“The texture was velvety, the flavor sublime. One of my guests observed, ‘The meat just melts in your mouth.’ I want to to it again next year, PLEASE!”
—Gary Coleman, Trenton, NJ
The breed actually arose in England, where it’s called “Berkshire” pork. But the English, in the 19th century, sent off a shipment of Berkshire hogs as a gift to Japanese diplomats—and the Japanese really flipped out. They gave the breed the name “Kurobuta,” meaning “black pig” (its coat is basically black), and developed an international reputation for Kurobuta pork, much as they did for Kobe beef.
And Why Are These Porkers Superior?
As you might expect, Kurobuta pigs yield meat that is indeed fattier than American supermarket pork. But—here’s the really cool thing—Kurobuta, though richly endowed with intramuscular fat, is not among the fattiest of breeds, which means that you never get a fatty, greasy taste when eating the pork.
Instead, the real distinction of Kurobuta pork is a shorter, rounder muscle fiber—which, incredibly, leads to a much higher retention of moisture in the meat.
In other words, this stuff is outrageously juicy! Furthermore, Kurobuta pigs are slower-growing than other breeds, which—as in slow-growing grapes—leads to much deeper flavor in the final product. These animals, in fact, take a whole month longer to fatten up than other pigs do. Most of the chefs raving about Kurobuta are saying this is the “porkiest” pork they’ve ever tasted.
But it’s not just chefs. In 1992, the National Pork Producers Council ran 20 quality tests on nine different breeds of pig—and our friend Kurobuta proudly trotted off with top honors in 19 of the 20 categories, including “juiciest,” “most tender,” and “most flavorful!”
And I’d say the Pork Producers Council really got it right, based on all the Kurobuta pork dishes I’d been tasting in high-end restaurants. But while sampling the field, I did notice something very curious—no one was offering ham made from Kurobuta pigs!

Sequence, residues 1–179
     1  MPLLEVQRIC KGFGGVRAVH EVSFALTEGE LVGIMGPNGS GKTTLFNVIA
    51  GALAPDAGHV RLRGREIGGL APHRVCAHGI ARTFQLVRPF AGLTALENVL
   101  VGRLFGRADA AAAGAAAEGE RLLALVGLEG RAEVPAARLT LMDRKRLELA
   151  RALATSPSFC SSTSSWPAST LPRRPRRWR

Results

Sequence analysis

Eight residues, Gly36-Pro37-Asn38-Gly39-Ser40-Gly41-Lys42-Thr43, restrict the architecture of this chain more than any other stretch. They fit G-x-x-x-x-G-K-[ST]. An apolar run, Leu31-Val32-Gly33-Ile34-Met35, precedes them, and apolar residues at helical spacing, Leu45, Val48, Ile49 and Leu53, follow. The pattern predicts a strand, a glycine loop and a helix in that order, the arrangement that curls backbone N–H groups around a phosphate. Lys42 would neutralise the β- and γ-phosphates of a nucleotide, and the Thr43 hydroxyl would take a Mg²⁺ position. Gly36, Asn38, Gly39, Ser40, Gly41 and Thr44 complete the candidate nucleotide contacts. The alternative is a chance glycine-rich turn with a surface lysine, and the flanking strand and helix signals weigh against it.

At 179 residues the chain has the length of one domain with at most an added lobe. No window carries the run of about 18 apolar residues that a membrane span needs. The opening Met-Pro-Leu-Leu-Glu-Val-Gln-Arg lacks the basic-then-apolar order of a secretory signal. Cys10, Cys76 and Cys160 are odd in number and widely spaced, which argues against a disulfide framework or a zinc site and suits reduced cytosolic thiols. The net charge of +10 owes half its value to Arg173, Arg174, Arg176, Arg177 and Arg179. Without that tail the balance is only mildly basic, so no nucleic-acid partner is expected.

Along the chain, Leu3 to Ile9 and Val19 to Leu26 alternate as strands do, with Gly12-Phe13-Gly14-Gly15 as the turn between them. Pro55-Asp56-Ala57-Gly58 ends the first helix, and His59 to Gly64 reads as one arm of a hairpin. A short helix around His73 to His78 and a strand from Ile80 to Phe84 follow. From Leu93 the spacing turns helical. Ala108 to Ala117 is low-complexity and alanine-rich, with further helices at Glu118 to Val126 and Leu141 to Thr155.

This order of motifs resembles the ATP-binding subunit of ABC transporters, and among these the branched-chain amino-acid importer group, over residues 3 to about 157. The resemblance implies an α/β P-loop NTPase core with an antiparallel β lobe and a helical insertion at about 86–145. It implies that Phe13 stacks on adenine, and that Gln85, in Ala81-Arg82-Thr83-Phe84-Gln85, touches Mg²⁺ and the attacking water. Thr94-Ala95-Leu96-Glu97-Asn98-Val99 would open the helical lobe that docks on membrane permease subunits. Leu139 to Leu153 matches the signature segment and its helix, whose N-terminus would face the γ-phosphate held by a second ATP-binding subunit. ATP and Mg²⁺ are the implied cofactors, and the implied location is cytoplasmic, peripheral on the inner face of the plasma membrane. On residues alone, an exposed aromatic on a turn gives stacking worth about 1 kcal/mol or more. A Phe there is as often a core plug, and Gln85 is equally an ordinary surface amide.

And that’s when I sprang into the breach. First, I researched all the major American ham producers. Though I did not discover any that were already up and running in producing Kurobuta hams, I did discover one that was about to get into the ham game. I made contact immediately, did a little negotiating, and the rest was ham history—the best ham that I and my readers who ordered last Easter had ever tasted.
Why This Ham Is So Special
The producer I’m working with is Snake River Farms, an Idaho company founded in 1989 dedicated to the production of an American version of Kobe beef. Well before I came into their lives, they had earned a reputation as one of the very greatest American producers of Kobe-style beef.
I had tasted their Kurobuta pork before, and loved it. When I discovered that they were also getting into the Kurobuta ham business, I had a ham prototype shipped to me immediately. It was terrific. But, as I mentioned, I have this very specific image of ham perfection in my head, and I noted a few things I would change, which is exactly what I proceeded to do.
As a result, Snake River Farms is now sending their killer Kurobuta pork...in my
name...raised on traditional corn and soybeans...to an Idaho smokehouse (in business for over 100 years)...that is producing Kurobuta ham exactly according to my precise curing and seasoning specifications!
Oodles of Rich Juice Seethe from This Ham!
“I now know how ham is supposed to taste.”
More rave reviews from those who’ve tasted this amazing holiday ham
“I was raised in Tennessee on ham and am always searching for ones that have complex flavor, good texture and just enough salt. Your ham was without a doubt the best I have ever eaten.